Universities also have to look at least 10 years into the future to gauge what knowledge and skills graduates will require, or to visualise what new career avenues will be available. Traditional universities take so long to revise and update the curriculum that they are not even able to keep up with the present on what needs to be taught, never mind the future.
Indian higher education also needs to interact and align more closely with industry. This could take the shape of “industry-led academic institutions” – institutions set up in partnership between industry and universities that go beyond businesses merely advising on aspects such as what to teach, to having their professionals actively involved in the delivery of education.
Amity University has taken a lead in India by starting three such institutions: the RICS School of Built Environment, Amity University; Amity Institute of Technology, a joint initiative with Tata Technologies; and CII School of Logistics, Amity University.
For the first time, industry leaders such as the UK’s Royal Institution of Chartered Surveyors, Tata Technologies and the CII (the Confederation of Indian Industry, the largest industry association in India) have joined hands with a university to educate industry-ready professionals.
One of the main reasons why Indian universities fare badly in international rankings is their low research output. Academics need to be pushed into the publish-or-perish culture; before that can happen, however, the research infrastructure must be upgraded – its neglected state is a major factor in why some of India’s most brilliant brains leave the country.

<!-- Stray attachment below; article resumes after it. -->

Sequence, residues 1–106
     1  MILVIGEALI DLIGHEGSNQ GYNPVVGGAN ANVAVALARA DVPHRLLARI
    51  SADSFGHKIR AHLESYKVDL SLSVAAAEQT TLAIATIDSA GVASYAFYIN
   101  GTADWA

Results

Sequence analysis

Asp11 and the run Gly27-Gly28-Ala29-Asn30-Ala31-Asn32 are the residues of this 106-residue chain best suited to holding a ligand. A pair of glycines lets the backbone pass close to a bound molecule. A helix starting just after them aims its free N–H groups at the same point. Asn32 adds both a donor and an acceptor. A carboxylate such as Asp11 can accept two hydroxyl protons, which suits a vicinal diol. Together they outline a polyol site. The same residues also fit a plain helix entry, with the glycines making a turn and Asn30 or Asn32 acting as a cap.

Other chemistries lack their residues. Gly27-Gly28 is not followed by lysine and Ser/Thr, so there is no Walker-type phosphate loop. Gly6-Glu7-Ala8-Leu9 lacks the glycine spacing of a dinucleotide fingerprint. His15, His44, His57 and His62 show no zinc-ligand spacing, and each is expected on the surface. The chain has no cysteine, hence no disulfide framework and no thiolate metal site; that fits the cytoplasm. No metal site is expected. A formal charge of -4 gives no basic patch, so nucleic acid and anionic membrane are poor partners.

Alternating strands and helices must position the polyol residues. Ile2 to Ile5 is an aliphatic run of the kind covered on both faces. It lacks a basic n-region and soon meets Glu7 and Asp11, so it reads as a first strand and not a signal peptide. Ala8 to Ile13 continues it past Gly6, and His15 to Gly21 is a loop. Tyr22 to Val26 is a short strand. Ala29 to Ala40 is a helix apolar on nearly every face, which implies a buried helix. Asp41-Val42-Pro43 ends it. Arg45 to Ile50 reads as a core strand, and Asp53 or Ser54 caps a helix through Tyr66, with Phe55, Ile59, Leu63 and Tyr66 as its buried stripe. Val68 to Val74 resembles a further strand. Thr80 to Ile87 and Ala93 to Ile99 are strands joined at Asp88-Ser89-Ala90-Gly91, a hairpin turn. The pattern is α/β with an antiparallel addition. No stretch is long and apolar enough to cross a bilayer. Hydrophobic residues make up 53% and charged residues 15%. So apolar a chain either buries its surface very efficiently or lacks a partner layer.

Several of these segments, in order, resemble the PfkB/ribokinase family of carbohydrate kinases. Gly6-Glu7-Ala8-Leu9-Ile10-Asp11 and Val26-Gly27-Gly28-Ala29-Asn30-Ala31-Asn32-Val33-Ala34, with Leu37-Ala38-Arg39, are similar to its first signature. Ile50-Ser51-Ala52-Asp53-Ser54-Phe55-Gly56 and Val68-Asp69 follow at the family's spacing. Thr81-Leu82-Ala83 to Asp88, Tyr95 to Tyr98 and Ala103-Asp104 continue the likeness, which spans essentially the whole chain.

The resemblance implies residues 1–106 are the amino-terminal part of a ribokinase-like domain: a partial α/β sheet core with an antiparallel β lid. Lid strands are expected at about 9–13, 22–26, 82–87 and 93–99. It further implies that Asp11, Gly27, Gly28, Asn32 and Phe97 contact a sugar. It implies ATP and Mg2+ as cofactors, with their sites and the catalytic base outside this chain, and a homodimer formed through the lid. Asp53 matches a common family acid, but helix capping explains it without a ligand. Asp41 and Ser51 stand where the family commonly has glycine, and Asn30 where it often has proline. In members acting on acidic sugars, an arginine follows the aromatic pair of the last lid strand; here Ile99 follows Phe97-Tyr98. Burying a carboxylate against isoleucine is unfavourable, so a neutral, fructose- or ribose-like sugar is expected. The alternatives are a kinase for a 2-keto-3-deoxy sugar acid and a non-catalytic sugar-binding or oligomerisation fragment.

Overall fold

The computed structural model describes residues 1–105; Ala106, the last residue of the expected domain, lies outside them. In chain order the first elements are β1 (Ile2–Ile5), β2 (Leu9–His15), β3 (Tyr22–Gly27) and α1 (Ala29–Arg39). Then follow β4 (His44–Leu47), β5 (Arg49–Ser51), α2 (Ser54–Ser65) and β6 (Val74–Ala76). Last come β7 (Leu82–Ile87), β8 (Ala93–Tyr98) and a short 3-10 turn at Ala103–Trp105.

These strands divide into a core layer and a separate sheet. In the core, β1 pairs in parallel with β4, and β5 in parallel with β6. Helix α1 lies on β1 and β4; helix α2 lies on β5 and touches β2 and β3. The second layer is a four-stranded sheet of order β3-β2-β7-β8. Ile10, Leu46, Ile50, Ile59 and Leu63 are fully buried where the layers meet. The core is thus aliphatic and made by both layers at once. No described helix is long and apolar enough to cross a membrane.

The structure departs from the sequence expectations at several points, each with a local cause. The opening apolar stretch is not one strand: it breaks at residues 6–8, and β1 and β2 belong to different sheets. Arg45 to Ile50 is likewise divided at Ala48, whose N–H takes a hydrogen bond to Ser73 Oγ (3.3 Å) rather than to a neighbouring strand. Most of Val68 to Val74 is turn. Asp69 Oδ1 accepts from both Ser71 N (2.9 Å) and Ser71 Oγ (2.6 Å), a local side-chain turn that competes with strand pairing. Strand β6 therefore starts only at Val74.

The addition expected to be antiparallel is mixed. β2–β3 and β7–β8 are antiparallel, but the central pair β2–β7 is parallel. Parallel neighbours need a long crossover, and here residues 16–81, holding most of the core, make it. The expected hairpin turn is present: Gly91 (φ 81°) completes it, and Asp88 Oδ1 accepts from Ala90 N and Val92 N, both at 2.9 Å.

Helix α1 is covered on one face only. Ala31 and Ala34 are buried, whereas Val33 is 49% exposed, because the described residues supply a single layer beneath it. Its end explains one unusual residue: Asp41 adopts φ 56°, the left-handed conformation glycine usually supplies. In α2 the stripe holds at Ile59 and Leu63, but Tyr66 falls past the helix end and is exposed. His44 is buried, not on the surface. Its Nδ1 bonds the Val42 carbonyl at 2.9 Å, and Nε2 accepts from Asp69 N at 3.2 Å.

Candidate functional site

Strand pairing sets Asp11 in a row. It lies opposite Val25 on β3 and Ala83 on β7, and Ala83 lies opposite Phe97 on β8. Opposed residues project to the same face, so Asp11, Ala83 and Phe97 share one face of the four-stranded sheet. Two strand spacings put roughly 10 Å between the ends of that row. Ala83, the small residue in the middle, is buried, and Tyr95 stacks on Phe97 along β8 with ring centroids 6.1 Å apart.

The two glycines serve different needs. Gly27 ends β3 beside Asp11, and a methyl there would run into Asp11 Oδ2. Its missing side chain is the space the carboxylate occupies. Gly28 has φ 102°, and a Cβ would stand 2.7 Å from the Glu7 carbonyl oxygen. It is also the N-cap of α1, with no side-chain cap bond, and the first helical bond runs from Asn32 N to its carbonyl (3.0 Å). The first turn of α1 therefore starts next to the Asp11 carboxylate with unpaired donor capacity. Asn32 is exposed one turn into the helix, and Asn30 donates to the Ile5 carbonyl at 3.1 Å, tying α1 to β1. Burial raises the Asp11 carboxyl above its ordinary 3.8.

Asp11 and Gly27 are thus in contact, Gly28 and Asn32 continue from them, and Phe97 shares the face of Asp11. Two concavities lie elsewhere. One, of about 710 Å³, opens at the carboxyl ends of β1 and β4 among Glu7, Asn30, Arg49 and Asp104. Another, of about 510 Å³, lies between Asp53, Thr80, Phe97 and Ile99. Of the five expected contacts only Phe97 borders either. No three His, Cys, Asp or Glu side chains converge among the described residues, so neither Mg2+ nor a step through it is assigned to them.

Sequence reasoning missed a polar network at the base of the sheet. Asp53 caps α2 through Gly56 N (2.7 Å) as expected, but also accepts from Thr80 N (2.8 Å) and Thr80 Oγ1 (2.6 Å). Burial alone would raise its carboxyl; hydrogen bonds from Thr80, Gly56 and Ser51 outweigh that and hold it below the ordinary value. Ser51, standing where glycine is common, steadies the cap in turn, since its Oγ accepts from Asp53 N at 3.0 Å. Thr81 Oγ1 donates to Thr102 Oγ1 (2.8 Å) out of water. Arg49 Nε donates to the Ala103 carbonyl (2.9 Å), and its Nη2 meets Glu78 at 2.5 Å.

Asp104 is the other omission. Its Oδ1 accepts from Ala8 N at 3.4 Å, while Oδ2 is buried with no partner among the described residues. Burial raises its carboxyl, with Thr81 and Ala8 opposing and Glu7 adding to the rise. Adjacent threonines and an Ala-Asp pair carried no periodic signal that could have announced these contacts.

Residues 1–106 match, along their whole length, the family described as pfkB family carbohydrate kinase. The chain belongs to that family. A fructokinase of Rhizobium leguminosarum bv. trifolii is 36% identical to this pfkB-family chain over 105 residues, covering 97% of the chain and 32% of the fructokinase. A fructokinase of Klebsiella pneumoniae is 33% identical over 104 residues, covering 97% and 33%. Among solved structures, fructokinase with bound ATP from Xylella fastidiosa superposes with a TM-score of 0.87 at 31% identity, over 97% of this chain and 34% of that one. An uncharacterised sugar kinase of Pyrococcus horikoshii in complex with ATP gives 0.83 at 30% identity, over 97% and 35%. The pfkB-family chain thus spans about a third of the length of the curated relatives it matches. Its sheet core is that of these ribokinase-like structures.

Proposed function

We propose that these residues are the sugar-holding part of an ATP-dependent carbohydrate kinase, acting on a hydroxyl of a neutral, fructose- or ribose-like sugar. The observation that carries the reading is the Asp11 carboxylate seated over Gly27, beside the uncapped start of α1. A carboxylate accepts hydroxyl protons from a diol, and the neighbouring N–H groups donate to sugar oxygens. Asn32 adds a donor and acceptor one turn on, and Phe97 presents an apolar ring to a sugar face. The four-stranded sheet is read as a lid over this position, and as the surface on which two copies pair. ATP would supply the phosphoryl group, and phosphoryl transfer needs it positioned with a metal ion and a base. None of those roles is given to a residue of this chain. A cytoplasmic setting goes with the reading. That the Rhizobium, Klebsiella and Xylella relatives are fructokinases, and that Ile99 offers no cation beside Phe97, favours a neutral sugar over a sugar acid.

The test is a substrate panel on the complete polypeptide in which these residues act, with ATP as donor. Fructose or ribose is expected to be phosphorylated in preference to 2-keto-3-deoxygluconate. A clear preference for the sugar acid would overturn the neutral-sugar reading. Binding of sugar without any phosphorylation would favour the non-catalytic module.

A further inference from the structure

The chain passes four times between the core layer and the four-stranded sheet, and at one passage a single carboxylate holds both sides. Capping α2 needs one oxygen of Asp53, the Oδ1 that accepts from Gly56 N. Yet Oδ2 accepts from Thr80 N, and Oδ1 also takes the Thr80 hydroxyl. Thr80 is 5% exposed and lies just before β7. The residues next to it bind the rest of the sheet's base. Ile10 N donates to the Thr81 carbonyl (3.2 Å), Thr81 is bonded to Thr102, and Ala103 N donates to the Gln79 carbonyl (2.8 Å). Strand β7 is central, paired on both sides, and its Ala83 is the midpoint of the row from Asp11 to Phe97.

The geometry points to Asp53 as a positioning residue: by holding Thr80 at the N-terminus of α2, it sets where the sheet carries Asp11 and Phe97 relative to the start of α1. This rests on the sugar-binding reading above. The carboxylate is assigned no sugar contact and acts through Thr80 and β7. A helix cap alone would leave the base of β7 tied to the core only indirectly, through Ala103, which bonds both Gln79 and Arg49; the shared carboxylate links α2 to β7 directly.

Research requires huge amounts of funding. A typical top-ranking global university will have an annual research fund of at least $1 billion (£800 million). Although the Indian government dispenses large amounts of funds for research through various agencies, a few things need to happen for Indian universities to get any level playing field.
The country’s business sector must join the government in funding research at universities. Globally, this is very common, but at the moment Indian industry lacks faith in the universities’ capabilities and does little to support their research efforts.
This issue comes back to the quality of research infrastructure and talent. One problem is the way that government universities are funded through an input-based block grant that is increased arbitrarily based on inflation or on the whims of the University Grants Commission (a body that has long been on the government’s hit list to be abolished). Funding for research should be normative, based on outcomes. It should also be separated so that it can be focused on certain institutions to help them catch up globally.
Technology will, of course, be the greatest game changer in higher education, not only in India but also around the world. Flipped classrooms and blended learning are already the norm in most leading universities, but for every person who predicts the end of bricks-and-mortar universities there is a romantic traditionalist who believes that universities are more about friendship and social skills than actual knowledge.
As India grapples with the need to widen access to higher education substantially while also increasing quality and making a mark on the world stage, one thing is clear – the future looks bright. And not-for-profit private universities will play a large role in that.
Atul Chauhan is chancellor of Amity University.